• Editorial

Peace, Justice and Strong Institutions

Promote Peaceful and Inclusive Societies for Sustainable Development, Provide Access to Justice for All and Build Effective, Accountable and Inclusive Institutions at All Levels

WHAT MEANS PEACE, JUSTICE AND STRONG INSTITUTIONS?

SDG 16 seeks to promote just, peaceful and inclusive societies, provide access to justice and build effective and accountable institutions. This requires reducing all forms of violence and mortality rates globally; ending child abuse, exploitation, trafficking and torture; promoting full rights states and ensuring equal access to justice for all. It also aims to reduce corruption and bribery, among other goals.

WHY ARE PEACE, JUSTICE AND STRONG INSTITUTIONS SO IMPORTANT?

Sustainable development is about achieving peace, human rights and effective governance. Some regions enjoy permanent levels of peace and security; others experience cycles of conflict and violence (some almost permanent). Our world is increasingly divided and we must try to find peace and brotherhood, which is possible with the efforts of all.

Weak institutions, insecurity, conflict and limited access to justice continue to threaten sustainable development. More than 79.5 million people fled conflict, persecution or war in 2019, the highest level since such statistics have been collected. According to the United Nations (UN) in its SDG Progress Report (2020), one in four children do not have a legal identity because their birth has not been registered, making it difficult to fight for their rights.


Every day, 100 civilians around the world (including women and children) die as a result of armed conflict, despite the protections of international law. The United Nations recorded at least 106,806 civilian deaths in 12 of the world's largest armed conflicts between 2015 and 2017, or nearly 12 civilian deaths per 100,000 people each year.


If we talk about the global homicide rate, it is slowly decreasing: in 2000 it was 6.8 per 100,000 inhabitants, while it dropped to 5.9 in 2015 and 5.8 in 2018. These figures translate into some 440,000 homicide victims worldwide each year. Of these, 36% live in Sub-Saharan Africa and 33% in Latin America and the Caribbean.


Fragilities around the world could be amplified by the pandemic caused by COVID-19. This is why in March 2020 UN Secretary-General Antonio Guterres launched a call for an immediate global ceasefire to enable humanitarian aid to be delivered in every corner of the world and to open channels for diplomacy. Although the move has received support, there are major challenges ahead. Indeed, in countries where there are situations of armed conflict, the threat of COVID-19 is multiplied as fighting has devastated health systems and people live in overcrowded conditions with little or no access to basic services.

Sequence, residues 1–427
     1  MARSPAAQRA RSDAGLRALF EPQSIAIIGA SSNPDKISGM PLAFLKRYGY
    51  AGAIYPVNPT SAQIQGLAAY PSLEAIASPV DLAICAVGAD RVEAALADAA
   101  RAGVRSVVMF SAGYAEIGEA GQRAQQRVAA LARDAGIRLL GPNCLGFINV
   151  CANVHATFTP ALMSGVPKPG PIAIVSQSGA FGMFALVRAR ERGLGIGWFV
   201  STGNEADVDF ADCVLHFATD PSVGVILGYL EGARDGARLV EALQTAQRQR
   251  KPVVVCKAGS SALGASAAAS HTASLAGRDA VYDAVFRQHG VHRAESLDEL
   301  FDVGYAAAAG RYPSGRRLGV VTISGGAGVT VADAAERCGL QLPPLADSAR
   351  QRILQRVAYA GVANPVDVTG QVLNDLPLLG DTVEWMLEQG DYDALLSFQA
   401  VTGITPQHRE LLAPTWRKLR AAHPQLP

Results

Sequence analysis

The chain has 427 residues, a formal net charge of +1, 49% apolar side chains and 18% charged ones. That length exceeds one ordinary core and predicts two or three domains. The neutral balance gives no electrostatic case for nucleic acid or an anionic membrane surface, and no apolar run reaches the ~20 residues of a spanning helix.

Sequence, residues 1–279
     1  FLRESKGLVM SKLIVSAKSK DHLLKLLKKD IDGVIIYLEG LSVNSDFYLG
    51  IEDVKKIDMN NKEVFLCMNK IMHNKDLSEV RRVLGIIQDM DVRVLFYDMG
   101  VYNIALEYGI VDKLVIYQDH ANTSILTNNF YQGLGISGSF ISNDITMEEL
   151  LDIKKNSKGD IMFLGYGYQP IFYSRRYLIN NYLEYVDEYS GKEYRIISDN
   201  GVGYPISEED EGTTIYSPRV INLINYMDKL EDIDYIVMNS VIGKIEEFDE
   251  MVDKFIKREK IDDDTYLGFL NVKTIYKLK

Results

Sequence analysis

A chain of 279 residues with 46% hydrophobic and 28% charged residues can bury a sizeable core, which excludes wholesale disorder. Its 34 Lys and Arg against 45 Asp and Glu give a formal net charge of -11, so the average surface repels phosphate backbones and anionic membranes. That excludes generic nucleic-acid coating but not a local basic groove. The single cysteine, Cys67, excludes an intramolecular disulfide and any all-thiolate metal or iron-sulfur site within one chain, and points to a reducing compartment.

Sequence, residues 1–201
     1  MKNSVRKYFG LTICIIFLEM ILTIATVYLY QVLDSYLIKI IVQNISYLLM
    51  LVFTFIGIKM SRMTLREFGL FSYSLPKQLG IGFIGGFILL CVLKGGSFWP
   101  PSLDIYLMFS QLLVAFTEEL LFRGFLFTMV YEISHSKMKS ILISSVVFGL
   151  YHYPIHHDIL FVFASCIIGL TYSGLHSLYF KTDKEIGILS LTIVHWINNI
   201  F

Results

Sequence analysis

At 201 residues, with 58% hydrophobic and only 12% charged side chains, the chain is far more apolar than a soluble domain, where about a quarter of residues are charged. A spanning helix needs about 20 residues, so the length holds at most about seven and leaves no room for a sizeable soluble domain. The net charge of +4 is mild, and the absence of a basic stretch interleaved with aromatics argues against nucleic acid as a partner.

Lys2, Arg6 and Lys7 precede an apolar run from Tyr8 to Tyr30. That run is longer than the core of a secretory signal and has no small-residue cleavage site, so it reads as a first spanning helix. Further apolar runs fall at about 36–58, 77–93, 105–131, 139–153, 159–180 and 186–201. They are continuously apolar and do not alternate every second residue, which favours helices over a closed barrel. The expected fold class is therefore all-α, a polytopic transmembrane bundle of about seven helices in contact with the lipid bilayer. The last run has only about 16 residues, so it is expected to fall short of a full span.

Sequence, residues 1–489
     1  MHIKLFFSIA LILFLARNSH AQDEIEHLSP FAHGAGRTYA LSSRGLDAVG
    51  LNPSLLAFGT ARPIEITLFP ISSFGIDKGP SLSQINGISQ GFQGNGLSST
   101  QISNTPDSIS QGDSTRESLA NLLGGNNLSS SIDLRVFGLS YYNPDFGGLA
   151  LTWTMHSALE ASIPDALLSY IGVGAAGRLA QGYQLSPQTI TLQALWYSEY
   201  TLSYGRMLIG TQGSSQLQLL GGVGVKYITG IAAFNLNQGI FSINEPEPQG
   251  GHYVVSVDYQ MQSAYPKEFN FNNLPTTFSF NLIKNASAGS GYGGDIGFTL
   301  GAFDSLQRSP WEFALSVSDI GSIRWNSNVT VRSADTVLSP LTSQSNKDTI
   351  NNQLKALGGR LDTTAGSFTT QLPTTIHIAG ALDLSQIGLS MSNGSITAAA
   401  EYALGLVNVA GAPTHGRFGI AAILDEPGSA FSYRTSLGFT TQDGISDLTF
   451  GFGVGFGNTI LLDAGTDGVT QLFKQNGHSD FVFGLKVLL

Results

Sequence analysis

Moreover, the global scourge of corruption continues to soar. COVID-19, has favored it, putting nations that were fighting corruption before the pandemic to the test. This is the case in several Latin American countries, where irregular aid distributions, overpriced purchases and a lack of transparency in health emergency procurement are taking place.

Reversing this reality will only be possible with the involvement of all actors at the international level. For this reason, promoting peace, justice and strong institutions is SDG 16 of the 17 UN Sustainable Development Goals approved in September 2015, as part of the 2030 Agenda.


COVID-19 has disrupted the function of the most vulnerable countries and left them with a decreased capability to support their people. As a result, their citizens experience more inequality and discrimination, more conflicts, lack of security, and in some cases intensified violence and armed wars. Schools closures, economic distress, and unemployment for adults are three main reasons for increased child labor, exploitation, and trafficking. COVID-19 created new opportunities for corruption and bribery especially in countries with lower income. People have to get around the low to get access to their basic needs such as healthcare, education, and justice. The combination of armed conflicts and the pandemic is rising the number of civilian death and injuries. The world is unsafe for a great portion of its population while security is fundamental to human being life.


Digitalization, and with it the global networking via the Internet, brings lasting advantages for the realization of cultivated and joint action for the common good. Now, for the first time, it is possible for people all over the world to communicate with each other almost simultaneously and to exchange information virtually and visually. Even sometimes without being aware, people already follow the up listed sustainable development goals. By using the internet as a digital mouthpiece, principles such as equality, freedom, justice and peace can be disseminated and common solutions can be devised.


At a time when politics is reaching its limits, it shows that creativity, courage, commitment and socially important processes can be set in motion with the help of everyone. What is missing is a small step to bring together this community of social rethinkers, or let's say revolutionaries, and to create an international society that is strengthened by the community and continues to grow.